Any other interpretation of the Synod is wrong.

On the Temptation of Hostile Inflexibility

From Pope Francis' message to the Synod Fathers:

And since it is a journey of human beings, with the consolations there were also moments of desolation, of tensions and temptations, of which a few possibilities could be mentioned: 
 - One, a temptation to hostile inflexibility, that is, wanting to close oneself within the written word, (the letter) and not allowing oneself to be surprised by God, by the God of surprises, (the spirit); within the law, within the certitude of what we know and not of what we still need to learn and to achieve. From the time of Christ, it is the temptation of the zealous, of the scrupulous, of the solicitous and of the so-called – today – “traditionalists” and also of the intellectuals.

I anticipate a lot of negative feedback on this point.

Faithful Catholics are right to be concerned about doctrinal orthodoxy.

Considering all the heresy and loss of faith, we have lots to complain about.

And when heresy raises its ugly head, we need to raise a ruckus.

 But sometimes, that insistence on doctrine leads to a lack of imagination.

I recently wrote about how sometimes conservatives often anticipate the reception their doctrinal announcements would receive by marginalized Catholics, so they figure: just state doctrine, let the chips fall where they may, and the onus is on the sinners to change, not for conservative Catholics to do anything.

That makes it all so easy, doesn't it? Present the doctrine, present the logical arguments, and if they don't get it, that's their affair. They have to carry the burden, all we have to do is proclaim and argue.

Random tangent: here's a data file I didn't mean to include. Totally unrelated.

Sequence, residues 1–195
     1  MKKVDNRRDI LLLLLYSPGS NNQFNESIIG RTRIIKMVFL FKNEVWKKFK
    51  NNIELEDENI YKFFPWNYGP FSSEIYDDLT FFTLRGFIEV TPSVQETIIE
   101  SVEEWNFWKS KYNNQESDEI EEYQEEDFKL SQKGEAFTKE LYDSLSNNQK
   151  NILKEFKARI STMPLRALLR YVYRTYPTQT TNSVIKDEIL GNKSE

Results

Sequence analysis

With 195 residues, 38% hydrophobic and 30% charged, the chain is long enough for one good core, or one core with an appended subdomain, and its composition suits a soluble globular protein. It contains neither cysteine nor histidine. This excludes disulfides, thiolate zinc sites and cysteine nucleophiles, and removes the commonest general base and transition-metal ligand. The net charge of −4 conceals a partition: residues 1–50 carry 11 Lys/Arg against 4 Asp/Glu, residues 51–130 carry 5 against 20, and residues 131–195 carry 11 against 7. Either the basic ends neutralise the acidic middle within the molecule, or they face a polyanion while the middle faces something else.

Pope Francis is saying: Try harder.

He doesn't want to change doctrine. But he doesn't want doctrinal orthodoxy to be an obstacle to thinking of creative ways to adapt to both doctrine and personal circumstances.

The conservative reflex on the divorced & remarried is that they can't have communion, end of story.

The Pope is saying: it's not end of story. What can we do for them?

That's where the surprises come in. This is where the pope demands that we be creative so that we get them to the goal of living in an acceptable situation.

I'm writing this because I've seen people get upset at the pope's comment.
Thinking that he's opposed to orthodoxy.

But that's not that at all. The Pope spoke against the temptation to neglect the Deposit of Faith (how long has it been since you heard a pope use that phrase!) and to come down from the cross.

Does this sound like the rantings of a liberal?

Sometimes I wish people would approach Pope Francis with the attitude that he has something to teach us.